Chris Long is no longer an active member of the NFL, which gives the now-retired defensive end the freedom to speak about topics he would’ve been forced to avoid during his playing career.

The two-time Super Bowl winner did just that Wednesday on the “Dan Patrick Show,” opening up about his belief that the NFL should ease restrictions on marijuana and revealing he took the banned drug while in the league.

“We should be headed to a place where we allow players to enjoy what I would not even call a drug – it’’ far less dangerous than guzzling a fifth of alcohol and going out after a game,” Long said, according to Yahoo Sports’ Shalise Manza Young.

“Chances are the player won’t even make it to the club (laughs) to do this sort of thing that we all kind of wag our finger at when we hear about a guy getting in a fight or getting a DUI, you’re never going to read about him sitting on the couch and binge-watching ‘Game of Thrones’ again.

“I think from a standpoint of what’s safer for people and the player, certainly people in the spotlight, it is far less harmful than alcohol, it is far less harmful than tobacco, and at various points in the league’s history, they have engaged in partnerships on different levels with those respective industries.”

Long opted not to make a guess at the league-wide usage of marijuana – which some ex-players have previously put as high as 89 percent – but admitted he regularly used it to help deal with the pressures of NFL life.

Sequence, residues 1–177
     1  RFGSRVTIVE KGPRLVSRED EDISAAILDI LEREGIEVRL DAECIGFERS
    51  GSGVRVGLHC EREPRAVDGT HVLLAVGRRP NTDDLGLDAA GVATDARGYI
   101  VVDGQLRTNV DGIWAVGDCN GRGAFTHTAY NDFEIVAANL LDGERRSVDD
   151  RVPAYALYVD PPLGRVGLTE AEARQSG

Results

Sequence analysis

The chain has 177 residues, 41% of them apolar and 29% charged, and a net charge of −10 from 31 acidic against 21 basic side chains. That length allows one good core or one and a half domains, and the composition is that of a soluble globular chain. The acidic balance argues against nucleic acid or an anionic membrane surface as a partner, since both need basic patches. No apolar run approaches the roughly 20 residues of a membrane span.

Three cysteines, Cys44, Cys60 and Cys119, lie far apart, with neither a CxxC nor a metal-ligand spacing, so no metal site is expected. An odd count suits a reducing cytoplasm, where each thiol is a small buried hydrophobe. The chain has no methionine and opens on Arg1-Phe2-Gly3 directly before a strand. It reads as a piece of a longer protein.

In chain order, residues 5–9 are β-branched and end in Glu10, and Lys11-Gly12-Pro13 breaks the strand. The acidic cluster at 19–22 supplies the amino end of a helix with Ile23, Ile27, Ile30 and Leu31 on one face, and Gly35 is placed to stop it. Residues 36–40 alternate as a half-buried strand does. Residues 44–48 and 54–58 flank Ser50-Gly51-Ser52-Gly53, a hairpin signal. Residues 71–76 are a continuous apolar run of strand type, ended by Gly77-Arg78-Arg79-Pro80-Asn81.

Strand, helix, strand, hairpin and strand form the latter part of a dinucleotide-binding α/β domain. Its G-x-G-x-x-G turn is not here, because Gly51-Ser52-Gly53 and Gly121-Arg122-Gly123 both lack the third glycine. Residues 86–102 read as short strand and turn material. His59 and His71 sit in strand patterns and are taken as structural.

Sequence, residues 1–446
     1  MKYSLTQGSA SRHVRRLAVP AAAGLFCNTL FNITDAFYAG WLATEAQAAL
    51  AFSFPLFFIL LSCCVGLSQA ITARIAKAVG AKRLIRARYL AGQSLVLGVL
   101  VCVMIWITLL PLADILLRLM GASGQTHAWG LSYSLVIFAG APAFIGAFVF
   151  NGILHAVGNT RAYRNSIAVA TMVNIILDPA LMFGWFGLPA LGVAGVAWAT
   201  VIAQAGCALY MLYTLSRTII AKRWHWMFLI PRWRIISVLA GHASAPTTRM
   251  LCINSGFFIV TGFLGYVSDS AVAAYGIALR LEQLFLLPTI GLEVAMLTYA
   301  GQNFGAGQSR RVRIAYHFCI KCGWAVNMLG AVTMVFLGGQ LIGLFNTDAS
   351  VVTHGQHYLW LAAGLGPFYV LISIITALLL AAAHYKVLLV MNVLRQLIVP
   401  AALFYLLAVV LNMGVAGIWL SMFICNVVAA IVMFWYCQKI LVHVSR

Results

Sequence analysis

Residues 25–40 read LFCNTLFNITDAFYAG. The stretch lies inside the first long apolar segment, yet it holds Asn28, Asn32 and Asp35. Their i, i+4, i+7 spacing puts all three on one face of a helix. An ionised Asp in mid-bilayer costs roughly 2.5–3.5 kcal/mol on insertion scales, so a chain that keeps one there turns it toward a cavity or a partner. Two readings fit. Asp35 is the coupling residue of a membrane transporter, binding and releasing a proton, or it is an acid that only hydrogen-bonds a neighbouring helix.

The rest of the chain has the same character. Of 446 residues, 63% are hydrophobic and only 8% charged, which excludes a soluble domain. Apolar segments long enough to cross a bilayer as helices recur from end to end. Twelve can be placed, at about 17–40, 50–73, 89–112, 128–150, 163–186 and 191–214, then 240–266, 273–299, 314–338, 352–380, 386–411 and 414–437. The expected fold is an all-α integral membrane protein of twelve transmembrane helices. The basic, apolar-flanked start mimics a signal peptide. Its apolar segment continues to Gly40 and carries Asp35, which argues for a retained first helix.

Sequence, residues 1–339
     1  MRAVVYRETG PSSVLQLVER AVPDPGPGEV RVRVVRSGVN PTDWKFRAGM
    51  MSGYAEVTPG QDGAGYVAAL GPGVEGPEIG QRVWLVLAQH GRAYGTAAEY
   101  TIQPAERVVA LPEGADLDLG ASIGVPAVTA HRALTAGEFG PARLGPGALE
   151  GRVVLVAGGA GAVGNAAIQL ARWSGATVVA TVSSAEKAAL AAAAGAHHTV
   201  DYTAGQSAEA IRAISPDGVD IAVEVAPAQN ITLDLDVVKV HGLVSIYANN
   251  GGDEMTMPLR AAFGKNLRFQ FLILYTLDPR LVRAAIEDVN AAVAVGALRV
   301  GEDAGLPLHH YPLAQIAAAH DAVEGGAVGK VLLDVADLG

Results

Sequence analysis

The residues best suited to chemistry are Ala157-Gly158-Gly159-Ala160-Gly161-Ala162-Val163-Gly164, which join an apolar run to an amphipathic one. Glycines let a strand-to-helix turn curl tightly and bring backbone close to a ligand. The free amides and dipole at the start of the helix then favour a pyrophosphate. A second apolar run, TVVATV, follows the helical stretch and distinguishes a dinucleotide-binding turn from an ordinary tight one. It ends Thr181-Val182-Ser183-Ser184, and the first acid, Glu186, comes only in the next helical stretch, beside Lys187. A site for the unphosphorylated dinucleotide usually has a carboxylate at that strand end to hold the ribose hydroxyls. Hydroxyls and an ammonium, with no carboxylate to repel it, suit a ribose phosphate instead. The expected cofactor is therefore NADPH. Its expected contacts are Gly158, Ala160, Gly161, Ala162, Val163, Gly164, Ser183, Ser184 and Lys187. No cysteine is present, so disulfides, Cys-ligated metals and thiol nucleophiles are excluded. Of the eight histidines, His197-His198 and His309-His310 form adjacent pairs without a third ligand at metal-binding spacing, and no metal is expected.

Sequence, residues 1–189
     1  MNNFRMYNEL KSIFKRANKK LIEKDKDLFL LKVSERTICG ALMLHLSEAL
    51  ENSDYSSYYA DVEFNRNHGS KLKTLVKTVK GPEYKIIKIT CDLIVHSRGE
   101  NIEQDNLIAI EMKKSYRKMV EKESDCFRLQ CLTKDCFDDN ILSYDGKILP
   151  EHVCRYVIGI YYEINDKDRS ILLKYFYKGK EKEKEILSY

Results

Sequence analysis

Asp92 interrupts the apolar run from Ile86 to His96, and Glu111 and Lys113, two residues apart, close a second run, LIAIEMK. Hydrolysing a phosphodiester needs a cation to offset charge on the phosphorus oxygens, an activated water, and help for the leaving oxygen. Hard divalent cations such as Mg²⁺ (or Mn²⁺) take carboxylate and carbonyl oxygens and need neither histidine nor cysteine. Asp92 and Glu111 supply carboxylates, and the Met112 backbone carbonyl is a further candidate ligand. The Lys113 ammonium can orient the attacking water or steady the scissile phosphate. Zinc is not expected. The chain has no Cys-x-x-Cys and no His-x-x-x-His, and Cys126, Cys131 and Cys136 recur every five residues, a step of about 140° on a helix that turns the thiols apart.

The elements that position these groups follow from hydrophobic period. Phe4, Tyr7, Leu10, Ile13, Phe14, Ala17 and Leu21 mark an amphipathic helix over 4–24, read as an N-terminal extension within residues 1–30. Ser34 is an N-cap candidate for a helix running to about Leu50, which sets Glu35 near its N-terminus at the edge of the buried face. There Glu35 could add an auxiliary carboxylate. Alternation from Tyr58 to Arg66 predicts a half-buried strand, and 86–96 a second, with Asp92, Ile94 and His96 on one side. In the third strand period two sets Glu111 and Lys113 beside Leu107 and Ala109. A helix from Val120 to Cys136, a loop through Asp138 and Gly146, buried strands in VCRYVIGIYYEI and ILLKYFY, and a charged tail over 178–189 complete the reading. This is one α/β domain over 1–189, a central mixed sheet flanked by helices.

“I’m not a dry snitch, I’m not going to put a percentage on how much the league smokes, but I certainly enjoyed my fair share on a regular basis throughout my career,” Long said. “So, you know, and I was never afraid to say that and I’m able to say it more explicitly now: if not for that, I’m not as capable of coping with the stressors of day-to-day NFL life. A lot of guys get a lot of pain management out of it. Toradol did more pain management for me.”

On Tuesday, the NFL and NFL Players Association announced a new initiative aimed at researching players’ pain management, which could potentially lead to a change in the league’s attitude toward marijuana.

Despite the Oakland Raiders‘ constant support of Derek Carr, speculation the team would target a quarterback in the draft ran rampant all offseason.

The Raiders ultimately didn’t land a new passer following rumored interest in two of the class’ top prospects, Kyler Murray and Dwayne Haskins, the latter of whom was available with the team’s top first-round pick.